Coveney claims state title
CICERO – When the Broadalbin-Perth Patriots track team practiced for the first time this spring, Jake Coveney and the coaching staff set a goal for the junior athlete – qualify for and win the Division 2 pentathlon state championship.
Saturday that goal was achieved as Coveney turned in strong performances in the long jump and 1,500-meter run to move from third to the top of the standings and claim the New York State Public High School Athletic Association boys Division II (small school) pentathlon championship at Cicero-North Syracuse High School.
“It feels great, Coveney said while catching his breath after finishing the 1,500-meter run in 4:31.99. “I know I am not showing a lot of emotion right now, but inside, I am freaking out and ecstatic. I love competing in the pentathlon. Everyone I competed with today was really nice and competitive.”
Coveney entered the second day of competition three points behind Matt Przybocki (2,039) of Burke Catholic for second in the Division 2 standings and nine points ahead of fourth-place competitor Bryce Moeller (2,027) of Barker. Ben Rourke of Lansing led the Division 2 standings with 2,088.
He took control of the competition in the first event of the day – the long jump.
“I was still beating the Moeller kid by nine points and the Lansing kid was ahead of me by 40 points, but I knew he wasn’t as good in the long jump and was not strong in the 1,500.”
Coveney wasn’t pleased with his first of three jumps but steadily improved to record a jump of 6.11 meters (20-1/2 feet) to win the long jump segment and vault to the top of the D2 standings with just the 1,500-meter run remaining.
“When I landed I heard my coaches and parents yelling and clapping, that’s is when I knew it was a good jump,” Coveney said. “Then I turned around and saw 6.11 on my last one. I just thought I needed that. The Moeller kid jumped higher than I did, but I jumped longer than he did.”
Coveney dogged Moeller right from the start of the 1,500-meter run, staying on his heels in fifth in the opening lap.
When Moeller made a move, Coveney stayed within striking distance but Moeller pulled away at the finish with a time of 4:30.38.
“When I was right behind the kid I was competing with the whole race,” Coveney said. “I didn’t expect him to run that kind of time. He had been consistent around 4:43 all year. He kicked it and started to speed away. I was second behind him I knew that it wasn’t a big enough win for him to pass me.”
Moeller collected 741 points for his time but Coveney’s time of 4:31.99 was worth 732 points, enough to earn him the Division 2 state championship and a third place finish in the overall Federation championships.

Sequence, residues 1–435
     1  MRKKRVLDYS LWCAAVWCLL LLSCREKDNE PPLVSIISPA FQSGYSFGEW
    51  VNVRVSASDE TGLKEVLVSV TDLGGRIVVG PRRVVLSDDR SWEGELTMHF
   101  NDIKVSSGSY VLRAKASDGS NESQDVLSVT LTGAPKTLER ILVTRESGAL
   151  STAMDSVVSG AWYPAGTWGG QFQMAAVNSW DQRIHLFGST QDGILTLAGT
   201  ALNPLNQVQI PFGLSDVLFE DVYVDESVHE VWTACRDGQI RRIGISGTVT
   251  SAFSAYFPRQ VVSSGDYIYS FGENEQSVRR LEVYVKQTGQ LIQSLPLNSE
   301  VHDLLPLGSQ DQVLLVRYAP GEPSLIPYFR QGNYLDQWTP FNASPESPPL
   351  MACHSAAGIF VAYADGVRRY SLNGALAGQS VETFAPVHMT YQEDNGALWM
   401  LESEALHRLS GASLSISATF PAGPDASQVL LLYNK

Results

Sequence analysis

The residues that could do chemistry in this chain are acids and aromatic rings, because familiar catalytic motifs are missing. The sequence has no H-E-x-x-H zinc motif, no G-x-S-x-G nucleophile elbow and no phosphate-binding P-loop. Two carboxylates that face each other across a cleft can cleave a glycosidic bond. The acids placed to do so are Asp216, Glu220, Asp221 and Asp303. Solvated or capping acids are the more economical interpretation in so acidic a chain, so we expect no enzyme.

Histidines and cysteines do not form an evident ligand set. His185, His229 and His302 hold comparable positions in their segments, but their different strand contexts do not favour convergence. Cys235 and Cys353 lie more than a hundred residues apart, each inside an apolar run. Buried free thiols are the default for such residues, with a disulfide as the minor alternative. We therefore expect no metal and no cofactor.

“I am excited for Jake,” Broadalbin-Perth head coach Jeff Richards said. “It was his goal, and ours, from day one. We trained for this right from the first day; it wasn’t like in the past when we had a pentathlon athlete and two weeks before the meet we said alright now you have to work on the shot put and the high jump. All four of the coaches had a direct impact. The thing with Jake is he is an athlete who came in and wasn’t intimated by this whole thing [the state meet setting]. He has that drive that you can’t coach kids and he showed it the whole way.”
Richards said he believes Coveney is the first individual athlete to win a state championship for Broadalbin-Perth.
“We had the boys soccer team but I am pretty sure he is the first in track and in any individual sport in Broadalbin history,” Richards said. “It is a good win for him. He is an underclassman and I hope he stays hungry.”
LeBlanc competes in high jump
Broadalbin-Perth’s Chelsea LeBlanc made her first trip the NYSPHSAA championships in the high jump and found success.
The junior cleared the high jump bar on her first attempt and again at 5-0 before missing her attempts at 5-2.
LeBlanc finished in a tie for 26th out of 37 competitors with her height of 5-0.
“I told her after she finished to hold her head up high you have a lot to be proud of,” Richards said. “I have had kids the first time at states come here and get intimidated. I have had kids in the pole vault and high jump record no height. They were very good jumpers and vaulters too. She cleared five, which she has done consistently this year. She made the best of the situation. She is a junior she didn’t let this situation get the best of her.
She did good and I hope next year she will come back and do even better.”